Investigating cultural competence curriculum development.
Dr Gisela van Kessel, Dr Caroline Fryer and Bernie Flynn.

The Cultural Intelligence Scale questionnaire was used to evaluate the effectiveness of modules in the curriculum addressing  cultural competence; the modules aim to help students gain knowledge, attitudes and skills required to work safely and effectively with users and providers in the health care system. 

Specifically designed modules were shown to be effective in increasing the cultural competence of second year physiotherapy students with a good effect sizes. A content analysis that compares essays by students who have and those who have not, undertaken the new competence training modules, is being completed, in order to understand students’ ability to apply their new knowledge of culture. The longitudinal effect of the introduction of the Cultural Competence training will be investigated by measuring the Cultural Intelligence of the same sample of students at the beginning of 2016. Links to overseas cultural immersion experiences of students are being made.  

To lecture or not to lecture, that is the question. 
Dr Gisela van Kessel, Dr Steve Milanese and Robyn Gill 

Data was collected on actual attendance from sign in sheets and downloaded online activity reports for three second year physiotherapy courses.

Across the courses there were weak-moderate but significant positive correlations between final grade and lecture attendance (r<0.4), tutorial/practical attendance (r<0.35) and e-resource downloads (0.23). Interestingly weak but significant negative correlations (r<-0.28) were identified for lecture presentation downloads and final grades (i.e. the more the students downloaded the lecture slides the worse the grade).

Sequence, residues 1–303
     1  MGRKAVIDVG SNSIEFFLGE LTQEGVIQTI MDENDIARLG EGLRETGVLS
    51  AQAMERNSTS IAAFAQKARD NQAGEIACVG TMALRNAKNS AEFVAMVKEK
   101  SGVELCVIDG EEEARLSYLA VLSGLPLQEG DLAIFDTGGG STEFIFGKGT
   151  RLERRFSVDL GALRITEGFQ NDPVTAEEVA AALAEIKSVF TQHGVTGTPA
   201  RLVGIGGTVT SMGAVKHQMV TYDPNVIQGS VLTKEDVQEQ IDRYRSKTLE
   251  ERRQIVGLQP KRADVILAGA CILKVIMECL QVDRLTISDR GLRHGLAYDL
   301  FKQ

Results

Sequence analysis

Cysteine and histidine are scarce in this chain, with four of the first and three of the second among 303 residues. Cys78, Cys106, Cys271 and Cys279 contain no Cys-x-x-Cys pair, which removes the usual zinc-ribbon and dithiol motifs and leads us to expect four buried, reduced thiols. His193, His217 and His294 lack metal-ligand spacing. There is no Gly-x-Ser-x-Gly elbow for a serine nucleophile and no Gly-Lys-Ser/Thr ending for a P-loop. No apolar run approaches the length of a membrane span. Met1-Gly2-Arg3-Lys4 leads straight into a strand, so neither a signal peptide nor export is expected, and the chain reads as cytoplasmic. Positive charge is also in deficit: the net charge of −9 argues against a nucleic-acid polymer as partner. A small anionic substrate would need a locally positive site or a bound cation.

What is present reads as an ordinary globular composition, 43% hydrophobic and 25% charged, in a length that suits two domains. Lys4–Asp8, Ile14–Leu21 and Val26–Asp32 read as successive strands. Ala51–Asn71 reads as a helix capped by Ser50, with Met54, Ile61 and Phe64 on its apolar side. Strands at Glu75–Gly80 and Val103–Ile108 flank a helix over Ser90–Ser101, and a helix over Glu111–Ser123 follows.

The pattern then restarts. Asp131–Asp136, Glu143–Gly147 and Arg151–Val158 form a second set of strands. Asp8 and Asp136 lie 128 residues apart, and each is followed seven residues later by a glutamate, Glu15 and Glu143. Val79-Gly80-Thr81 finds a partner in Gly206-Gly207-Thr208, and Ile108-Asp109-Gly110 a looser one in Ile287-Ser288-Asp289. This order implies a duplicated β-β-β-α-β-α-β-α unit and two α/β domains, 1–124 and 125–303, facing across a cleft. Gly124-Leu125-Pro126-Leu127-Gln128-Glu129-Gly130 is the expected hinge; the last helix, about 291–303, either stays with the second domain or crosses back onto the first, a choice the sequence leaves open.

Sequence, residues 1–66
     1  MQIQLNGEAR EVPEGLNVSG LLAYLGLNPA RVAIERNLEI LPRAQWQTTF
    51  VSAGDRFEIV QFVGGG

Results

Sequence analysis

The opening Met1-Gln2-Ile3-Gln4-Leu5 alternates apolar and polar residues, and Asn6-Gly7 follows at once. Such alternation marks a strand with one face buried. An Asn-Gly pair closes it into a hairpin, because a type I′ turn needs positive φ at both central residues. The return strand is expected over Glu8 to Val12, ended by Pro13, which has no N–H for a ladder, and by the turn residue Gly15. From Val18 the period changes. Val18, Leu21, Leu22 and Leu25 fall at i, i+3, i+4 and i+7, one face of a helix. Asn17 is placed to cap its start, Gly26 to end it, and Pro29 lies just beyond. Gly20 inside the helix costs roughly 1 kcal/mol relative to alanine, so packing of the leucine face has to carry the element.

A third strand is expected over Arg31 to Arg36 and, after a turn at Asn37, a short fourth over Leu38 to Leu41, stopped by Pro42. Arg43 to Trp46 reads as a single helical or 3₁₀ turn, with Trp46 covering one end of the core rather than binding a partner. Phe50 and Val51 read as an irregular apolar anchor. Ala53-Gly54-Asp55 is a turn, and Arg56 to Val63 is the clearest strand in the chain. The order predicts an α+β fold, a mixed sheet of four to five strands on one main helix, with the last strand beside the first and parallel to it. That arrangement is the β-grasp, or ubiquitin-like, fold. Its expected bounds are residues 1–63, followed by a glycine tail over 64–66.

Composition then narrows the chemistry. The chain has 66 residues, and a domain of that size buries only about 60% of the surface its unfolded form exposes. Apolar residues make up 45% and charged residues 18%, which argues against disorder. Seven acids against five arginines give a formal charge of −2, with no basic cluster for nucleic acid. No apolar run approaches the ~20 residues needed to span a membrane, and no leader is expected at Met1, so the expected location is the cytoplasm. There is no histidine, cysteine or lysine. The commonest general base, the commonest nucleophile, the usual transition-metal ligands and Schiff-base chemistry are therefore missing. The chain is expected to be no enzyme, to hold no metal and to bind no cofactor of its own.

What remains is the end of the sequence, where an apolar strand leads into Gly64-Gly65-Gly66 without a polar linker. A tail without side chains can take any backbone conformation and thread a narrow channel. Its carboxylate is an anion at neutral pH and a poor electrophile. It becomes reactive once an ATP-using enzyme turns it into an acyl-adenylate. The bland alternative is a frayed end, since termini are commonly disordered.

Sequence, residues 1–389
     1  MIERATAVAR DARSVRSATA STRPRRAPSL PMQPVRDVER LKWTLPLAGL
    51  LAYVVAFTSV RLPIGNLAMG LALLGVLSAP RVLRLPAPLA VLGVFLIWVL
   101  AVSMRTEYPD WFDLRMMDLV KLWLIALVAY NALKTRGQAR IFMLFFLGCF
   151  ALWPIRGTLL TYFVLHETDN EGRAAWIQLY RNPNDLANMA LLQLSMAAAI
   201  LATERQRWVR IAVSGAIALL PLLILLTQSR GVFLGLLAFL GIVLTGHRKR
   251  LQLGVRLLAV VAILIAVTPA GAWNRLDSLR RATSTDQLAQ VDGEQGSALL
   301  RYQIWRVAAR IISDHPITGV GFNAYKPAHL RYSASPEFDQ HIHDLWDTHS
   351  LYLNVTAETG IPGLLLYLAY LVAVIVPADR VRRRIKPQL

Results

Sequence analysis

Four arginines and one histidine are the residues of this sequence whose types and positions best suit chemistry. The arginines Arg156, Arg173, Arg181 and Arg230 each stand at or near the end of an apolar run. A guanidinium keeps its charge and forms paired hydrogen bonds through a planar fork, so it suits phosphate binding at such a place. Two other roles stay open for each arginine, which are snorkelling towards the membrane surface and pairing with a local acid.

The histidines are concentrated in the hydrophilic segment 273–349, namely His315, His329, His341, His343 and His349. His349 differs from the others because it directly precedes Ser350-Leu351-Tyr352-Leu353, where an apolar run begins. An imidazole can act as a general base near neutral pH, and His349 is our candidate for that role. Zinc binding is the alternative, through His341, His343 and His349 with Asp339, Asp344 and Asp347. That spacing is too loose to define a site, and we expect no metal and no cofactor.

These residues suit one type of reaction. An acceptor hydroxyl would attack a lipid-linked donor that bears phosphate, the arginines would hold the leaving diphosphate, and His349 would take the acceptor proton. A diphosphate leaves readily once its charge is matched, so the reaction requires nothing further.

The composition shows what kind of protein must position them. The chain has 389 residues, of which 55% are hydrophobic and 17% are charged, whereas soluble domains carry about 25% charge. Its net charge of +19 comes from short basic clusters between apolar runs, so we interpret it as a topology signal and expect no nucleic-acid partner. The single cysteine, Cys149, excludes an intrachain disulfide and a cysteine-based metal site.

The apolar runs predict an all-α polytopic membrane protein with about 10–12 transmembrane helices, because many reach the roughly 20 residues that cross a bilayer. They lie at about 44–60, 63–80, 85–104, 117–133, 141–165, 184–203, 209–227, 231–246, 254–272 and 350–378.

Link to project brief To lecture or not to lecture, that is the question (pdf 296KB)

Standardised patient scenarios versus peer role play to develop physiotherapy student safety skills in readiness for clinical placement: a controlled trial.
Phillips AC, Mackintosh S, Bell A, Coffee J, Johnston KN.
Funding: UniSA Learning and Teaching Development Grants for 2015

This was a new initiative; this study evaluated the effect of a three hour practical session using a standardised patient scenario (with and without video feedback) involving a manual handling task in a second year course of the physiotherapy program. 

There were significant improvements in 110 students (92% completion) perceived preparedness for clinical placement. There was no statistically significant effect on the students OSCE scores. Students rated the interventions positively, with consistent and statistically significant improvements across all survey statements following the intervention.

Learning activity (1 day professional development workshop) aimed at facilitating clinicians’ understanding of physiotherapy psychosocial (patient perspective) assessment and management.
Mark Jones, Dr  Edwards, Mark Catley, Dr Saravana Kumar, Dr Maureen McEvoy

The aims of this project are to evaluate the effectiveness of a one day workshop to improve the confidence and skills of clinicians in assessment and management of psychosocial aspects of a patient presentation. 

Learning materials continue to be fine-tuned. Questionnaire to assess knowledge almost completed and formatted in Survey Monkey. Initial ethics application and attachments (Participant Information Form, a Consent Form, and an Interview Guide) being drafted prior to Ethics application.

Anyone wanting to contribute to research in teaching and learning in allied health is encouraged to contact Dr Maureen McEvoy or Dr Steve Milanese:

E: Maureen.McEvoy@unisa.edu.au    E: Steve.Milanese@unisa.edu.au 
P: (Dr McEvoy)  (08) 8302 2547           P: Dr Milanese (08) 8302 1053

Areas of study and research